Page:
The US Senate voted unanimously on Tuesday to make daylight saving time permanent beginning in 2023. Perhaps the clear findings were affected by the fact that most of us just set the clocks forward on Sunday, and the disruption it caused is still fresh in the minds of politicians.
While some states have approved legislation to extend daylight saving time hours in recent years, this decision by the US Senate is the most significant. Americans will no longer have to reset their clocks twice a year if the bill passes the House and then the president. (At this point, it’s unclear whether the House will take up the bill at all.)
The advantages of extending daylight saving time throughout the year — or just preserving standard time throughout the year — outnumber the advantages of avoiding the trouble of changing the clocks (even if many timepieces these days do this automatically).
At the very least, it has the ability to enhance our collective health and maybe avoid some car accidents. It would at the very least alleviate some of the moaning and inconvenience that comes with losing an hour of sleep when daylight saving time begins in the spring. And who wouldn’t want to be a part of that?
Daylight saving time started to conserve energy. It didn’t work.
In the United States, daylight saving time began as an energy conservation measure during World War I and became a nationwide norm in the 1960s. The idea is that we move the quantity of daylight hours we get into the evening during the summer months. So, if the sun sets at 8 p.m. instead of 7 p.m., we’d likely spend less time in our houses at night with the lights on, conserving power.
It also means you’ll be less inclined to sleep through the morning daylight hours, which have been relocated one hour later. As a result, daylight hours are “saved” for the most productive period of the day.
This notion, however, never appeared to work out. The seeming energy savings from using more daylight in the evening turns out to be ambiguous or nonexistent.
Daylight saving time — and yes, it’s “saving time” rather than “savings time” — begins in the spring, just as the lengthening of daylight hours becomes noticeable. Furthermore, the practise has no effect on the amount of daylight hours that fall throughout our big, lovely land. The tilt of the Earth’s axis and our planet’s position in its orbit around the sun dictate them. And there are things over which we have no control.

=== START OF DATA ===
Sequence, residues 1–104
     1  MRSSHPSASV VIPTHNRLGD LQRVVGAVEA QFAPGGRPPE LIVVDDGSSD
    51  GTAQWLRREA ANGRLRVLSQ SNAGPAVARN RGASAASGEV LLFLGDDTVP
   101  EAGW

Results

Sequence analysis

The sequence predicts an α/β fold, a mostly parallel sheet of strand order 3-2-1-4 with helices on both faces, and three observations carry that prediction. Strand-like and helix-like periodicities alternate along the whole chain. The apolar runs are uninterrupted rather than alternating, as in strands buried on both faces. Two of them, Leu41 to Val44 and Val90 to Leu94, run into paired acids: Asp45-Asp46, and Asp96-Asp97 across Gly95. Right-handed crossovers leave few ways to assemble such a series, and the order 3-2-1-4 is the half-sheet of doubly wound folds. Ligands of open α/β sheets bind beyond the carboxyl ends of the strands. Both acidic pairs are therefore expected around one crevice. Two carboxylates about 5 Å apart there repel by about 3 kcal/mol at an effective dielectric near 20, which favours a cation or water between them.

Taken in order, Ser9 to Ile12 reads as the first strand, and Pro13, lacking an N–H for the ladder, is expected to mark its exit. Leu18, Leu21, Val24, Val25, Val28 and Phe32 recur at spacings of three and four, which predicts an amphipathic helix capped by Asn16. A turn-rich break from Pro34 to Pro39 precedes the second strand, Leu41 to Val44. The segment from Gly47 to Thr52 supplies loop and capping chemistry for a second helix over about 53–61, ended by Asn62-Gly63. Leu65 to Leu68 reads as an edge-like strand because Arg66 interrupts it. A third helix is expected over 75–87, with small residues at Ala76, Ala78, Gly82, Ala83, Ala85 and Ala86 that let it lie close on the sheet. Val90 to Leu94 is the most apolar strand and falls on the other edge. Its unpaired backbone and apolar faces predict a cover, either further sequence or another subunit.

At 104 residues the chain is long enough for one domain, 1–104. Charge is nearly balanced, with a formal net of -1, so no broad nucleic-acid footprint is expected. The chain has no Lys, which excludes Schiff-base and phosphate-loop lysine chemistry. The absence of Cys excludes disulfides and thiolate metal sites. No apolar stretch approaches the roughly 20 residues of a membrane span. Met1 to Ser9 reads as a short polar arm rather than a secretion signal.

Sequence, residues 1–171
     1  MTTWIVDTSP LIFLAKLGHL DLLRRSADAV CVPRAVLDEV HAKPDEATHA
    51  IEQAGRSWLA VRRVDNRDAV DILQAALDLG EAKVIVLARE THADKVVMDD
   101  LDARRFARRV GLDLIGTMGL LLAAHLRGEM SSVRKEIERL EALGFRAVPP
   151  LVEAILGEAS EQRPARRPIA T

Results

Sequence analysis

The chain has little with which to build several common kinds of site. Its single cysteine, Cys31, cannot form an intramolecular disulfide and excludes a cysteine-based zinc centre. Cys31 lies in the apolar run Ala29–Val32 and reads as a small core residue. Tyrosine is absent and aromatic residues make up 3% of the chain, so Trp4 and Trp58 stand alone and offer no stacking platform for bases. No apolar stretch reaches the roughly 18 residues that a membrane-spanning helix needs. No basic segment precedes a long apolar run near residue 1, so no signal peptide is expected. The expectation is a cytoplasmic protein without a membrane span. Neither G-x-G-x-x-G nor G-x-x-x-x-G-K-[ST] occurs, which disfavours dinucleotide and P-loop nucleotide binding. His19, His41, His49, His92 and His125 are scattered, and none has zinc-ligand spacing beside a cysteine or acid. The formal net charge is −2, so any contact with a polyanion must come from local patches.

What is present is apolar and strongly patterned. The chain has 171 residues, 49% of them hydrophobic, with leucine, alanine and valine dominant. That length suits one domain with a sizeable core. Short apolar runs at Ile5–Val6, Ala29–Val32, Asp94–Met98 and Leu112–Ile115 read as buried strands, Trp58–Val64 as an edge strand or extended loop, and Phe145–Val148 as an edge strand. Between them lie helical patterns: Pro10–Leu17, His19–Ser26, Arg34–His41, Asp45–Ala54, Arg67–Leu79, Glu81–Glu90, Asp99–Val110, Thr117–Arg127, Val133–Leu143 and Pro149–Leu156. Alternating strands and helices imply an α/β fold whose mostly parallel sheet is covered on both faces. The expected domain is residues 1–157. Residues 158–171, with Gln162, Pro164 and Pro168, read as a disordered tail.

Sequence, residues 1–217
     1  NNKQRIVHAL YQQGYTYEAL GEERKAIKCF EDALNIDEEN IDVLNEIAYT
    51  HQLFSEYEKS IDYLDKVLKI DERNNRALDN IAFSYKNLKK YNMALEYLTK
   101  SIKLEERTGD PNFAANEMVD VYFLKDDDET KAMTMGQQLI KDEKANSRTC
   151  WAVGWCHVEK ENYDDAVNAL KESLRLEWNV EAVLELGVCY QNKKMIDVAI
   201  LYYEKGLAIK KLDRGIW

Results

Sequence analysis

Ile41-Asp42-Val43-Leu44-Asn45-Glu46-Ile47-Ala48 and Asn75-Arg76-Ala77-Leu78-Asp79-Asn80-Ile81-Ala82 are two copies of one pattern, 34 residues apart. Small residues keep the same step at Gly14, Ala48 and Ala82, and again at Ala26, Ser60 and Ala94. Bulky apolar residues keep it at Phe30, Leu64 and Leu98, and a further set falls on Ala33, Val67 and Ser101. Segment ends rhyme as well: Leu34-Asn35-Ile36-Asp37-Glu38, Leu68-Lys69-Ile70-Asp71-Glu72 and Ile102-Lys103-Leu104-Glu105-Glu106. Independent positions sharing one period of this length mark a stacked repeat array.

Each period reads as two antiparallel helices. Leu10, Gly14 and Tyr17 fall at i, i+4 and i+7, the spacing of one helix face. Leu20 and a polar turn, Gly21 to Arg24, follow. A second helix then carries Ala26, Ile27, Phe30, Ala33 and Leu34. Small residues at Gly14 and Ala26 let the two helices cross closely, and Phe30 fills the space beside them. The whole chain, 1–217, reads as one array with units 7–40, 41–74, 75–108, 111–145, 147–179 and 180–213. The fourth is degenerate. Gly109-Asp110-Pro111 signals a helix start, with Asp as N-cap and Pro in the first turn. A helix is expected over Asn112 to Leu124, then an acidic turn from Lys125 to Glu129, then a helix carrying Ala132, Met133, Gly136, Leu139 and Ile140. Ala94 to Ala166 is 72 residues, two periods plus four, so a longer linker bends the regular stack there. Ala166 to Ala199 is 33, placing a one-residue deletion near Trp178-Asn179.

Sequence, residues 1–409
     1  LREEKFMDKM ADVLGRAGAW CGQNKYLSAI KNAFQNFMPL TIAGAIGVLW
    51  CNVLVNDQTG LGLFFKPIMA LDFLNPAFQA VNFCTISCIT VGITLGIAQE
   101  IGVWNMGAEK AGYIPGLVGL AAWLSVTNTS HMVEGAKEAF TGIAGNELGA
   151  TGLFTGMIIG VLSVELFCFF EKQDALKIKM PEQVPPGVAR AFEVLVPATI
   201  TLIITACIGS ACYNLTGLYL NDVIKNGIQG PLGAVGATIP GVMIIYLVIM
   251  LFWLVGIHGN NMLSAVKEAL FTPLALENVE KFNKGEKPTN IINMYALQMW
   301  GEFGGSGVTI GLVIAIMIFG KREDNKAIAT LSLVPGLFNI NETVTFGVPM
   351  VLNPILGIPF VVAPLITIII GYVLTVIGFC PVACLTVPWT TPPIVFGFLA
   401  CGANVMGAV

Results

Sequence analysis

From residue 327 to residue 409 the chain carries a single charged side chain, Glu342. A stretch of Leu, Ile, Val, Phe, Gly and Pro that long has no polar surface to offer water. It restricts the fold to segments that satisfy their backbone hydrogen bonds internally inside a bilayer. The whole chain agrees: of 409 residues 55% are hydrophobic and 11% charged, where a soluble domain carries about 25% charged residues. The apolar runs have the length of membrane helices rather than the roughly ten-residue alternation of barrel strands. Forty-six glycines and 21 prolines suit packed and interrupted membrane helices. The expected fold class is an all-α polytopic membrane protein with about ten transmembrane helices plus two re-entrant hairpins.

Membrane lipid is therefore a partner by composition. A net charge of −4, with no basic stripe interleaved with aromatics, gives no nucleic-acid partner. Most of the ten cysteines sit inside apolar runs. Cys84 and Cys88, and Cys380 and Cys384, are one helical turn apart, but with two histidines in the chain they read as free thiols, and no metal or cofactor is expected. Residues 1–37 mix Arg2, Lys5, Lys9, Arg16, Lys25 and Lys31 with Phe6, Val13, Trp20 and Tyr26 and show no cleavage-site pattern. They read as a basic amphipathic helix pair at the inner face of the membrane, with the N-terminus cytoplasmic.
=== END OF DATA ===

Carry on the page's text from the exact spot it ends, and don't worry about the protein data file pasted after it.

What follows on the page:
The case for consistency
People should follow the same sleep pattern every night for maximum health, going to bed and awakening at the same times each day, according to sleep specialists. Many of us will lose an hour of sleep when we advance the clocks one hour in the spring. Our biological clocks are somewhat off in the days after the commencement of daylight saving time. It’s as though the entire country has been handed one extra hour of sleep.
One hour of sleep deprivation may seem little, yet humans are delicate, sensitive creatures. Jet lag may disrupt our metabolism, and severe cases might lead to diabetes or obesity. However, jet lag reduces our mental acuity in the short term.
And everything about us is out of sync when our biological clocks are off. To keep up with our behaviours, our bodies run on a strict schedule. We create the most insulin in the morning since we normally consume a meal shortly after waking up. We’re set to digest breakfast before we even take a mouthful. That way, it’s more efficient.
Our bodies are not prepared for our actions at any moment of the day if we are an hour behind schedule.
One example: driving.
Researchers from Johns Hopkins University and Stanford University wanted to know what happens on the road when millions of drivers’ sleep is interrupted in 1999.
They discovered a very small but significant increase in road deaths on the Monday after the spring time change, based on 21 years of fatal car crash data from the US National Highway Transportation Safety Administration: the number of fatal accidents increased to an average of 83.5 on the “spring forward” Monday, compared to an average of 78.2 on a typical Monday.
It appears that it isn’t simply car accidents. There has also been mounting evidence of an increase in occupational injuries and heart attacks in the days after the spring forward.
Many Americans may be opposed to prolonging daylight saving time throughout the year. Not everyone was thrilled when daylight saving time was extended for 16 months in the 1970s. Only 30% of Americans approved of the shift once it began, according to polling at the time. “Parents were suddenly sending their children to school in the cold and the dark for months on end,” according to the Washington Post, fueling the negative feeling.
However, individuals who assume, “I don’t want later sunset times all year!” are mistaken. or “I don’t want to begin my day in the dark in the winter!” know that our culture has always had the ability to… progressively modify school or job start times in response to the seasons.